AI: The Digital Eye

Demystifying the most mysterious part of the brain

Large portions of the human brain are dedicated to the perception and cognition of visual information. Any attempt to reproduce the workings of the eye is bound to result in unique challenges. Yet two tools help: signal processing algorithms inspired by neuroscience, and fast computing devices. RayShaper is working on putting these tools to use for future generations of digital vision applications. 

Intelligence is in the eyes of the beholder

The job of a computational vision system is to input an image in the form of pixels and output a code consisting of streams of bits. That’s what an encoder does. The design of encoders then depends on what kind of image is being processed and, more importantly, what is at the receiving end of the bit streams. Is a human enjoying a Netflix video, or is a machine monitoring scenes for detection of safety events? 

The question is no longer who’s looking, rather what’s looking?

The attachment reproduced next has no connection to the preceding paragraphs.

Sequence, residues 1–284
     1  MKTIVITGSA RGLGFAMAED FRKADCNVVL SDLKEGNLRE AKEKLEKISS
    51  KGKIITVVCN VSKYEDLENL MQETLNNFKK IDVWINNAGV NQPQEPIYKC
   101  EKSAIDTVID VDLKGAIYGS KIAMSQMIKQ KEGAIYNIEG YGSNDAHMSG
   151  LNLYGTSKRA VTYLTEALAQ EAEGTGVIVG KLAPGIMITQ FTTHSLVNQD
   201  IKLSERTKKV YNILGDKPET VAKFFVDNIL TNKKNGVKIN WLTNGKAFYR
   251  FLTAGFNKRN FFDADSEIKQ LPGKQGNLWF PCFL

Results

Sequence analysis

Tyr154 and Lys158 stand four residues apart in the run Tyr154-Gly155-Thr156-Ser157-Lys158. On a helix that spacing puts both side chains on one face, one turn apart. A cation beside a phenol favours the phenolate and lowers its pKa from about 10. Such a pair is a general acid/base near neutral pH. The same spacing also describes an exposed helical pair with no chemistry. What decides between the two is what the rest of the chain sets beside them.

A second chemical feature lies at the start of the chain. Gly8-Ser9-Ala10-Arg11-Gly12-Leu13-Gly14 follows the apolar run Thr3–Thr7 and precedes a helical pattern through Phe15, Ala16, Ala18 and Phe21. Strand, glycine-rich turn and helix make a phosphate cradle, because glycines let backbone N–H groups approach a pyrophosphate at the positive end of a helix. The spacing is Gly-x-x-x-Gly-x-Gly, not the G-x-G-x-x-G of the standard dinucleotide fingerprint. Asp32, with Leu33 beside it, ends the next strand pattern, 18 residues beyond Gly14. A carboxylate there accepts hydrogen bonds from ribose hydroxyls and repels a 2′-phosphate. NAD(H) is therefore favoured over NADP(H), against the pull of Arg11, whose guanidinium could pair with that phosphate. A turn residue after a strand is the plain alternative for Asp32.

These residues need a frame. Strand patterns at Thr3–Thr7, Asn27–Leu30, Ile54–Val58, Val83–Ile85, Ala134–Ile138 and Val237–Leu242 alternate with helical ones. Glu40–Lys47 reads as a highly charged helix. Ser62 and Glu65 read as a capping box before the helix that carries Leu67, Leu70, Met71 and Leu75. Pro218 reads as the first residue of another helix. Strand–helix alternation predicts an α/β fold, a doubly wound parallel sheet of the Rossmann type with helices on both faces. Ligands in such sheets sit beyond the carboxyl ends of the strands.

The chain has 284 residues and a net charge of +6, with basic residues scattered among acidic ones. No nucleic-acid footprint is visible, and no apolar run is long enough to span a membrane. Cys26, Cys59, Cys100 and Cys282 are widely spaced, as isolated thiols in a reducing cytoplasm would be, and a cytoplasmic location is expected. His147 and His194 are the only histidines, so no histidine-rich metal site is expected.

A smart vision systems should look at a video before it compresses it. Specifically, a smart encoder should look at each frame in the video to see what it’s dealing with. Is the frame largely made up of one color? Is there text overlaid on the picture? How complex is the picture? 

Further, a smart encoder should monitor and track the motion in the video. Is it a basketball game? Or is it a serene lake-view? 

Smart vision systems have digital eyes

Human intelligence answers these kind of questions at lightning speed. As it’s impossible to include a human in every vision system, we need to embed artificial intelligence instead — a digital eye.

An AI-powered  encoder equipped with digital eyes can discover the features of a video and use deductions to setup processing parameters. It can make smart choices about processing tradeoffs in real-time for highest compression and best possible quality. 

The application drives the algorithm 

Consider that on one hand we have standards like JPEG and HEVC with broad applications, and on the other hand we have specific use cases, commercial applications. Standards specify large sets of parameters that encoders must select and convey to decoders. Standards don’t tell application developers what methods or paradigms to use for the selection of encoder parameters. Here’s where AI can play key roles. RayShaper